Meteorologists monitoring unusual pattern
Photo: Hurricane Dean as seen from spacestation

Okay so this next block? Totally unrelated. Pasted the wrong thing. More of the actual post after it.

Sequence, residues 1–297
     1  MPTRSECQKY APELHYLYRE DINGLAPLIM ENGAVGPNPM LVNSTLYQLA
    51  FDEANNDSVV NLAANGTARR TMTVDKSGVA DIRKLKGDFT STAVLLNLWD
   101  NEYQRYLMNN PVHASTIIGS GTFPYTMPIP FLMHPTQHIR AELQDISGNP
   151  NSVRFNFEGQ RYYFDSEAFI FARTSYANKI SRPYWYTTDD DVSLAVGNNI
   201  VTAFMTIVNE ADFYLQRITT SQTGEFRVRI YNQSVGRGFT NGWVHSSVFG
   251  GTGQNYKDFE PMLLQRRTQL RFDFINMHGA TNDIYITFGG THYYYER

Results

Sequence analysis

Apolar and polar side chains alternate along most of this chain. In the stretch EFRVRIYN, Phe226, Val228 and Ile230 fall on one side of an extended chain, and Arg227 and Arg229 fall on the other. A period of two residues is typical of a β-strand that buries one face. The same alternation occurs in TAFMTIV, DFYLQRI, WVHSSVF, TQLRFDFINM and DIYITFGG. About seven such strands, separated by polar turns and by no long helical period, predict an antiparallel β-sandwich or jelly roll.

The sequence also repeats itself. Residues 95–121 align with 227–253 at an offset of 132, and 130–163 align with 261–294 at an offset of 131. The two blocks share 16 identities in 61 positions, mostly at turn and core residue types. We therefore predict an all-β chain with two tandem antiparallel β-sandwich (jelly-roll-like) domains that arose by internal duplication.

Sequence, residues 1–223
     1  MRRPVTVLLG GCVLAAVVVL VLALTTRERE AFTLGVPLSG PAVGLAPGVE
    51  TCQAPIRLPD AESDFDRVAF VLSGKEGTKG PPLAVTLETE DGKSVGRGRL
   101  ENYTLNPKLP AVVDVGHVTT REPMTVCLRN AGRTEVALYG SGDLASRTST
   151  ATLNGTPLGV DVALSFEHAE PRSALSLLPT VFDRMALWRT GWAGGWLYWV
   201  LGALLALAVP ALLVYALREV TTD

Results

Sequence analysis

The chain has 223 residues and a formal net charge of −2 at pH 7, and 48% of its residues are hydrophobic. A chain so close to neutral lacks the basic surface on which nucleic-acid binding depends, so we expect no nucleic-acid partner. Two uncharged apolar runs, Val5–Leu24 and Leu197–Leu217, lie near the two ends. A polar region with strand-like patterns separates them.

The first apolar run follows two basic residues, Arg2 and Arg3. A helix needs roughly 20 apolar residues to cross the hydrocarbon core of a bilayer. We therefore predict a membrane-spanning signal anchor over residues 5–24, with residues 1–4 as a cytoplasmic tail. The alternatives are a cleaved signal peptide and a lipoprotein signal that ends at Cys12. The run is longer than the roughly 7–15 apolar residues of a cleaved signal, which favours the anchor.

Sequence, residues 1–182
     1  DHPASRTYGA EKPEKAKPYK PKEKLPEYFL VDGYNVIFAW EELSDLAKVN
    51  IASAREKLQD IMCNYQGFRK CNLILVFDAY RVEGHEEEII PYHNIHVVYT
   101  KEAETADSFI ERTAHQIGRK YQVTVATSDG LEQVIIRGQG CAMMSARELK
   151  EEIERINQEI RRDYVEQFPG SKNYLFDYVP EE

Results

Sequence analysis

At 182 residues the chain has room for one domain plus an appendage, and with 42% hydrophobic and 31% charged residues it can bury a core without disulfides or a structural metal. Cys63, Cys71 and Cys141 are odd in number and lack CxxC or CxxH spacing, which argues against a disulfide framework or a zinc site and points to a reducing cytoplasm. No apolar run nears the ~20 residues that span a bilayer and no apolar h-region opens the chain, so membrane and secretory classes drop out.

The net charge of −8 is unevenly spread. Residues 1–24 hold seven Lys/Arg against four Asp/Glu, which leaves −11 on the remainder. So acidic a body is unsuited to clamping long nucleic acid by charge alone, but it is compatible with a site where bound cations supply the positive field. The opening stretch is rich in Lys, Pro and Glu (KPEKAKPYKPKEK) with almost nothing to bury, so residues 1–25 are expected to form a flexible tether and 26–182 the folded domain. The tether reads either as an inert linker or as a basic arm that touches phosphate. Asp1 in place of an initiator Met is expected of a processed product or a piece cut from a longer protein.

Caribbean weather forecasters are keeping their eyes on a recent trend which saw intense hurricanes forming or tracking a more southerly direction than was the norm, a top meteorologist has disclosed. The deputy director of the Caribbean Community Climate Change Centre described the southern hurricane activity as part of a "STRANGE" weather pattern. "About 10 years ago, we saw one develop in the south Atlantic where your professor would tell you that never occurs. Unfortunately, the two hurricanes have been Category Five hurricanes, they made landfall as Category Five hurricanes. It is the first time in history and we have data going back to 1885; this has never happened." A high-pressure system, known as the Bermuda High, kept both 'Dean' and 'Felix' on a westerly track. "We can start to pray that the Bermuda High will weaken so that the systems that do form, and they will form, will go more into the Atlantic as they did in the past. The one inhibiting factor that could occur would be if, for example, an El Niño were to develop quickly in the Pacific, which would then tend to move the activity more into the Pacific than the Atlantic, but we are certainly not seeing that right now. So the outlook is right now for people to keep the plywood that you've been using and look out. We could easily get a third threat." Extreme hurricanes like 'Dean' and 'Felix' are part of a period of high activity, which began back in 1995, and is expected to last foranother 20 to 25 years. 'Dean' and 'Felix' also surprised weather experts with their rapid intensification and speed, but this was attributed to warmer land and sea temperatures. "If the Caribbean is warmer than it normally is, then you would expect stronger hurricanes and that is exactly what occurred in the Caribbean. Hurricanes Dean and Felix impacted several Caribbean and Latin American countries.
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